In the movie The Internship, starring Vince Vaughn, two salesmen go toe to toe with young whiz kids during Google’s internship program, vying for a tech job.
In a way, the movie is a perfect combination of executive producer Sandra Smith’s interests: technology and storytelling. But there’s yet another parallel: Smith moved to Philadelphia eight weeks ago — mainly to be with her family — where she’ll seek to make her way through the hustle and bustle of the Philly tech scene.
Smith grew up in Glenolden, Delaware County. She moved to Colorado to study computer science at the University of Denver, and then kicked off a winding path through the U.S. and the world.
She worked for startups that failed. Worked for startups that made it. She did sales and business for tech companies in Silicon Valley. She produced a documentary about the conflicts in Ireland. She produced movies and comedy tours with big names like Vince Vaughn, Owen Wilson and Jason Bateman.
Fast forward to 2016 and she’s back in Philly, as a partner at dev and design shop Gradient Labs, to help put together a series of sport-related apps. What’s her take on what she’s found so far? How does the Philly tech scene look like to someone who’s coming from the glitz and glamour of Hollywood? She explains in this installment of our Entrance Exam series.
(This interview has been edited for length and clarity.)
What brought you back to Philly?
I came back for family reasons. It was just time to be back home.
How does it feel to be home after all this time?
I’m excited to be back. You know, I brag about this city all the time, and it was time to put my money were my mouth was. My career in tech started out as an assistant engineer in IBM, then moving to smaller companies. I then moved to Silicon Valley to do product marketing and business development for startups and then I got into entertainment.
Yeah, after working for a couple of startups, one very successful and one a complete failure, and after backpacking through South America for a while, I went to go work for the movie business. I went from being an executive at a software company to be literally an assistant [Smith is credited as an assistant to actor/producer Vince Vaughn in the 2006 flick The Break-Up] because I knew nothing about the entertainment business. I then went on to other producing stints and eventually became the executive producer for The Internship, for which we got Google’s approval to be in the movie.
How’d that come about? Was it a process?
It took me months to get into Google. We did a table read with Vince [Vaughn] in L.A. and there was a lot of back and forth on the script before they gave their approval. It was a pretty big land. I had to bring back all my sales skills, using as many connections as I could.
And where did you go after that?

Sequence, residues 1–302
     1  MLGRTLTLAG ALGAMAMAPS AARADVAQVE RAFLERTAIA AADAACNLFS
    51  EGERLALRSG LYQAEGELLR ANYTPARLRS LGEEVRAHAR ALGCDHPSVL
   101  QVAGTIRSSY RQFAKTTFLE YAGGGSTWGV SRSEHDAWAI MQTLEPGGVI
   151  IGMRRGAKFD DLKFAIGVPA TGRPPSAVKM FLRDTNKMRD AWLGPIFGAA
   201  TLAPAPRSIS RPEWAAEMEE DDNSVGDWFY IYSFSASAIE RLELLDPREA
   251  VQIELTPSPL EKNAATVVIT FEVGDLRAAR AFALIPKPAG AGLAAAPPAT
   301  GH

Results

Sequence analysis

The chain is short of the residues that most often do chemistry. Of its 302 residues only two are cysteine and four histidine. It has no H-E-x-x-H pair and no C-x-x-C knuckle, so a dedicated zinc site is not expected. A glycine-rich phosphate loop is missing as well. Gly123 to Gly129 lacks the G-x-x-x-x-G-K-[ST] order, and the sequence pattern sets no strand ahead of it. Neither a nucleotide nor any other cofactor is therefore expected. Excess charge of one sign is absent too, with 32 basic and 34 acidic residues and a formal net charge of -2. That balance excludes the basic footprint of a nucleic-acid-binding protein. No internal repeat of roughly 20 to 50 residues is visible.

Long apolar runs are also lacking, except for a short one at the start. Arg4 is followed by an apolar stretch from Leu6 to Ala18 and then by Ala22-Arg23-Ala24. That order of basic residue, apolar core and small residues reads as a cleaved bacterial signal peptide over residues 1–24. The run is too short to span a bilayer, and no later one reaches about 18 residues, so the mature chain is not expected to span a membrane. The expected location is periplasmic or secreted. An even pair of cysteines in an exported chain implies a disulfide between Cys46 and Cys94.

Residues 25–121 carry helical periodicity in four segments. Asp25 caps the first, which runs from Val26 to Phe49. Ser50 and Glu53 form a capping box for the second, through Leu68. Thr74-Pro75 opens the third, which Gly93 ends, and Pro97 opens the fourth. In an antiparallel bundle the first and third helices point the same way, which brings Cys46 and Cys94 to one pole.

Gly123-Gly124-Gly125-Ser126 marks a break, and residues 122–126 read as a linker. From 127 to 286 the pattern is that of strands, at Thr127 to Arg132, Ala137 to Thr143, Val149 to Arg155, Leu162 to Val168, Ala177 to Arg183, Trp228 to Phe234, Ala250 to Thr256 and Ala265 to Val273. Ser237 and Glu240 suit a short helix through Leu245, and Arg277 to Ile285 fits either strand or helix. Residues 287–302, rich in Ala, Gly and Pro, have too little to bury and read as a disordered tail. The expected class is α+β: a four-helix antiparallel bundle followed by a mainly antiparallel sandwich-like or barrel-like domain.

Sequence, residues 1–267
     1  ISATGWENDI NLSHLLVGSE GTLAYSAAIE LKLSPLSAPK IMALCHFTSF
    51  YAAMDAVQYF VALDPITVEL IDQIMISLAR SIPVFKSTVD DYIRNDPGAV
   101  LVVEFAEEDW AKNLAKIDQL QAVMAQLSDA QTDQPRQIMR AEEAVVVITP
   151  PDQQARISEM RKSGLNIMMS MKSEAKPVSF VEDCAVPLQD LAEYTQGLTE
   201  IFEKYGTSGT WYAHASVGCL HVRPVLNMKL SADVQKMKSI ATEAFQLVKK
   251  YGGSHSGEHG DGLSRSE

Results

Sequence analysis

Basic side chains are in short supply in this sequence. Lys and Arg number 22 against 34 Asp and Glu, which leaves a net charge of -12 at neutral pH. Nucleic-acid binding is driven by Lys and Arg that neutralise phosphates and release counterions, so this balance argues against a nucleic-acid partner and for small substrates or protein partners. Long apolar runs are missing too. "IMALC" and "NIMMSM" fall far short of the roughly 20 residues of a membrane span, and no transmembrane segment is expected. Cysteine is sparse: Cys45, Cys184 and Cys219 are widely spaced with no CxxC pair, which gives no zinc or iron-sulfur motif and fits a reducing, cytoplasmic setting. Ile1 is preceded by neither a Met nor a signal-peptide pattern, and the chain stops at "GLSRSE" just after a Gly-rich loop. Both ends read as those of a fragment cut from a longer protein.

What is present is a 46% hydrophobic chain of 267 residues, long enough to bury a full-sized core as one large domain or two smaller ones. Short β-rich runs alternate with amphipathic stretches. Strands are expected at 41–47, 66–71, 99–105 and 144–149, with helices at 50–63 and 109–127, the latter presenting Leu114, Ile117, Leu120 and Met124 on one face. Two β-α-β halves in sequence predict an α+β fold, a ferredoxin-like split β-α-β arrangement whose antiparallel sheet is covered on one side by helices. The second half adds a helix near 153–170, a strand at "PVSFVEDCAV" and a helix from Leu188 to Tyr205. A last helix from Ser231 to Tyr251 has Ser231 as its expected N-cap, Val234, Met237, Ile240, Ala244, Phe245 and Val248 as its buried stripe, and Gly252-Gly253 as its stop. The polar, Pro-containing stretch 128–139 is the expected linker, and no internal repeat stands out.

I produced a comedy festival in Nashville and a 15-city tour in the East Coast with Kevin James. The whole time I was doing that I was looking for a way I could get back with technology, and that’s how I met Jason Simmons [a Pittsburgh-based product designer], founder of Gradient Labs. At the end of June 2016 I was back in Philly working as a partner in Gradient.
After all of this trajectory, you certainly come into the scene with fresh eyes. How’s Philly’s tech beat looking?
Having been in L.A., Silicon Valley and now Philly, I think people here are far more engaging, responsive and helpful to each other. It feels like we’re all in this together. There’s a lot more cooperation. The first night I went here I went to a tech meetup and met four VCs in one night.
What did the Hollywood years teach you? How have they come in handy?
The production experience in getting things done. Every film is a brand-new experience and you constantly have to figure out how to get things done.
Do you have any technical chops? Can you code?
Actually, my first job was writing an electronic claims entry system for Blue Cross Blue Shield. But that was a few languages ago.
Where do you see the tech scene headed from here?
Well, what I’d like to see is more support for early-stage entrepreneurs. I’d like to see more accelerators, incubators and infrastructure to support us. They seem sort of risk-averse here in Philly, and speaking to some founders I’ve heard the same complaint.
Have you hit any walls so far in Philly? Ever had a moment where you wondered if this was the right move?
Not so far. I moved here mainly because of my family, but I also moved here knowing that the tech scene was growing. I also looked at NYC and D.C. and I realized that there was enough of a growing community here. Also, I liked the fact that I could zip to New York to meet with investors as needed. I’m just surprised it hasn’t been moving faster,
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